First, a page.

The district commander of Horsham police has welcomed news that this area has ranked 14 the in a list of the most peaceful places to live in England and Wales.
Chief Inspector Howard Hodges praised the findings of a recent survey conducted by the Institute for Economics and Peace.
It follows a crime reduction of more than ten per cent in the Horsham district from April 2012 to April 2013.
This is a drop of around 500 incidents compared with the previous year, and includes a decrease of 25 per cent in criminal damage.
But as a new police year begins, the chief inspector is setting out plans to tackle a host of challenges which lay ahead.
One top priority is investigating a rise in burglaries at homes in the district.
Mr Hodges said a mix of locals and criminals swooping in from outside the county are responsible.
The increase of people owning smaller electronic goods like iPhones - which are easier to steal and shift on the black market - may be a contributing factor.
Another important objective for Mr Hodges is to improve victim satisfaction.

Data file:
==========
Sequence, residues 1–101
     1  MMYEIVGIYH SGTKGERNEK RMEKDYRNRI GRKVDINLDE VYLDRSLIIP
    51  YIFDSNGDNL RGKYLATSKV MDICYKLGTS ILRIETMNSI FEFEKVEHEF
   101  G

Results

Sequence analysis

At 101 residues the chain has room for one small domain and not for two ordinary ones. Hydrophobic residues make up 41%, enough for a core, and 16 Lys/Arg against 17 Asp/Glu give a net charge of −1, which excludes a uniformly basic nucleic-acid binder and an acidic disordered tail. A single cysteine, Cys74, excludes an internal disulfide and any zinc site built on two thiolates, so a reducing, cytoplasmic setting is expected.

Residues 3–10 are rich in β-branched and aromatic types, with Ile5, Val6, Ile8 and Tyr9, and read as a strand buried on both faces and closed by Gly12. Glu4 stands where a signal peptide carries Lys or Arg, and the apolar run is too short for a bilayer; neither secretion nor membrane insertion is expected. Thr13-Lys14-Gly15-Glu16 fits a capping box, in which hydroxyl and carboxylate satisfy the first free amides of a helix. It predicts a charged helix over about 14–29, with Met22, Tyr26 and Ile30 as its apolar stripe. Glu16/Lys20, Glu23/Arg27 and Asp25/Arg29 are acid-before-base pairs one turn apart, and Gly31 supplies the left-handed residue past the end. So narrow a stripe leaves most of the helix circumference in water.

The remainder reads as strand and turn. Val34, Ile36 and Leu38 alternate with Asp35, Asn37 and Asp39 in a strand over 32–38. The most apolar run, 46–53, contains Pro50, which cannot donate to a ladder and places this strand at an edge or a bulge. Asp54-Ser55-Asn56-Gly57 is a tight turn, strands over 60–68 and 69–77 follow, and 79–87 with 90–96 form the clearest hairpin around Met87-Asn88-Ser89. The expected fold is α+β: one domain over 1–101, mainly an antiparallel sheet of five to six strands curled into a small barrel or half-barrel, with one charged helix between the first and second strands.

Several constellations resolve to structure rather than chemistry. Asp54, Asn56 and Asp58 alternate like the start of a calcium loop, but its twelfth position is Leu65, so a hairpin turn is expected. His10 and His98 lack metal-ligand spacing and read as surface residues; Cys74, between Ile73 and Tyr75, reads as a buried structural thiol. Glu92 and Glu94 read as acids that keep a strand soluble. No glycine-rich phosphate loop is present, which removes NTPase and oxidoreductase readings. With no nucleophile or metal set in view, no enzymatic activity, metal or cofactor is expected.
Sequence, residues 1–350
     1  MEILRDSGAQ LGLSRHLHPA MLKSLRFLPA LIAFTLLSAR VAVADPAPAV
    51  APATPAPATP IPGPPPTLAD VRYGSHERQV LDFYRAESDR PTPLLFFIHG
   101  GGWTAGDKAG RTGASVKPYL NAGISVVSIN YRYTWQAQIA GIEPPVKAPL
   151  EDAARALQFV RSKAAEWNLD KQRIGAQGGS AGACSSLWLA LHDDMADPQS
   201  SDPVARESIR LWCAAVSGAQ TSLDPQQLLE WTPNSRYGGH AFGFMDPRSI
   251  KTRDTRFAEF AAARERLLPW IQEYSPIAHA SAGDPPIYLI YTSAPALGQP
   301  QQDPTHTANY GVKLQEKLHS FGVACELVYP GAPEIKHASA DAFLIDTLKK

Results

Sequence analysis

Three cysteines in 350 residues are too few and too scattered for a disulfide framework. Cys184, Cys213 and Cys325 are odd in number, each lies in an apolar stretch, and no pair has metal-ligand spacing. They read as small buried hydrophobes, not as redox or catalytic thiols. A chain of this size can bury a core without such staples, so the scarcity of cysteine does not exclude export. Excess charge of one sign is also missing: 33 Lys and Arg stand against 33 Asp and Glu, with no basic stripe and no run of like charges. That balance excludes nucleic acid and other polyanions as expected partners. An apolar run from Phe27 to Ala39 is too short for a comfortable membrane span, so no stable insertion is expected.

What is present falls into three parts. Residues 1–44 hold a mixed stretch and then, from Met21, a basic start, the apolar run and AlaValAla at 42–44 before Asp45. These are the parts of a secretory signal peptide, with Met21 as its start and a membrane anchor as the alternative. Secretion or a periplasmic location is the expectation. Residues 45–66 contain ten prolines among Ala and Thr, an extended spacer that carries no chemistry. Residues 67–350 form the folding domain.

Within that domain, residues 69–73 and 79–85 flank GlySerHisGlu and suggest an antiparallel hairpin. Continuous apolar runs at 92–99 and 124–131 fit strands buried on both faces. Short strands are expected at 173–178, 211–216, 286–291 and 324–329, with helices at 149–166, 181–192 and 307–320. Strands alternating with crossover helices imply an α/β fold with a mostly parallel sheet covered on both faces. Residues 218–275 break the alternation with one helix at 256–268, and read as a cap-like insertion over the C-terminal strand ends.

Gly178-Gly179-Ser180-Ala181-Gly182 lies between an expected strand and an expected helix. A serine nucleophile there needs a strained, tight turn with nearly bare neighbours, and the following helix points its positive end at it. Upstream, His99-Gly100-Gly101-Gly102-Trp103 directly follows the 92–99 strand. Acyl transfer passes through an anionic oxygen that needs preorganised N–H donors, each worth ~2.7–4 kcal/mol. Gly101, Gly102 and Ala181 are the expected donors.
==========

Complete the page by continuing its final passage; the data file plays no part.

He wants more residents than ever to report crime - which will inevitably have a negative impact on the district’s sparkling figures.
But Mr Hodges stressed that the force is ‘moving away from bean counting’ in a bid to create even more transparency. It forms part of the police and crime commissioner’s plan which was revealed earlier this month.
“People of Horsham are very very unlikely to be a victim of violent crime, and they are very very unlikely to be a victim of a serious sexual offence,” he explained.
A third of all violent crime reported in the Horsham district is domestic abuse.
Mr Hodges wants to encourage victims of anti-social behaviour, sexual offences, domestic abuse and hate crime to pick up the phone.
As the year moves forward officers will also be focusing on the new estates sprouting up around the district.
“People move in and a community is expected to happen overnight,” he explained.
“We want a process in place from day one, so they know who to contact, so they’ve got a neighbourhood watch set up.
“We’ll be looking at how you can take people across 1,000 homes to become a safe community which is hostile and resilient to crime from the outset.”
Over time Mr Hodges would like to see more volunteers give up their time to become special constables in Horsham. The position holds the same powers as a PC but is unpaid. Sussex Police are currently pushing a huge recruitment drive for specials.
Mr Hodges added: “Crime continues to fall. We know that Horsham is a safe place to live - it’s one of the safest places to live with the lowest crime rates in Sussex.
“It compares very favourably to similar areas elsewhere in the county and the recent police index report listed Horsham as the 14th most peaceful place to live in England and Wales.”